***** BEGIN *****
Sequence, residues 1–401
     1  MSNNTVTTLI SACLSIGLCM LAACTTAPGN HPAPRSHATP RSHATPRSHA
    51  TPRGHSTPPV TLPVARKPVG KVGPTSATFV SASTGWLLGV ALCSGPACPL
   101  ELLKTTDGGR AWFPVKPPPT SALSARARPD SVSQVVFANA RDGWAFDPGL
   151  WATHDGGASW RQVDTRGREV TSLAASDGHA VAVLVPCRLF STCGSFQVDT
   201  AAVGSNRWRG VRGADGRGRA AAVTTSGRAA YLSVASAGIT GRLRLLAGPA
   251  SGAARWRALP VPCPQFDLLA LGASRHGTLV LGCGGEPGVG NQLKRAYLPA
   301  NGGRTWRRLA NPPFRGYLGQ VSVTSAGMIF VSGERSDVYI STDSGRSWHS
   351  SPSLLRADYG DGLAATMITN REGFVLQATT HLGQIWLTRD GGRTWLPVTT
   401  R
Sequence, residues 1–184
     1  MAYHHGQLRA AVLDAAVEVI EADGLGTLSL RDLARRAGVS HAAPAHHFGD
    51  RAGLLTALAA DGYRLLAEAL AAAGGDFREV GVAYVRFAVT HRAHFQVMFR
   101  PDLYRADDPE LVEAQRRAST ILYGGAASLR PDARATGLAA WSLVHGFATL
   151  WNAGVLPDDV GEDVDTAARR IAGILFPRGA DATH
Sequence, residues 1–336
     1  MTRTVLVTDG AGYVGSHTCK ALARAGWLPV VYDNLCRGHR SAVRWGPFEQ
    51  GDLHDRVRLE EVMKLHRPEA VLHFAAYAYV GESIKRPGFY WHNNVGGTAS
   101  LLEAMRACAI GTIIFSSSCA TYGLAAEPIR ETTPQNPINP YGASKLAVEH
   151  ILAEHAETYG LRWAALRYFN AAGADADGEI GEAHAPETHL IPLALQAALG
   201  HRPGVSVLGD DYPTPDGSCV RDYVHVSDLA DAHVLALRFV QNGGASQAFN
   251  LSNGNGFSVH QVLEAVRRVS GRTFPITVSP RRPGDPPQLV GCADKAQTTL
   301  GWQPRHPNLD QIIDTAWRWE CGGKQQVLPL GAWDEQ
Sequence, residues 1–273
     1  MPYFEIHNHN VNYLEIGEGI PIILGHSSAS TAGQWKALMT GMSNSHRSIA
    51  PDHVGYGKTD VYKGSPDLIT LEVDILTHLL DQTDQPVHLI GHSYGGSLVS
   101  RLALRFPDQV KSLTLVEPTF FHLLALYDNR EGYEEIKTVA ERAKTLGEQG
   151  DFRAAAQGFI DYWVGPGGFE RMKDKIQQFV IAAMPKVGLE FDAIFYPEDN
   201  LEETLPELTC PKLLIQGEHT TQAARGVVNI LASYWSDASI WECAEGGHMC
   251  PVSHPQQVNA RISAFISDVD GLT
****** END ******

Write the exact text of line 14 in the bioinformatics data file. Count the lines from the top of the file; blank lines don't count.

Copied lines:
   101  PDLYRADDPE LVEAQRRAST ILYGGAASLR PDARATGLAA WSLVHGFATL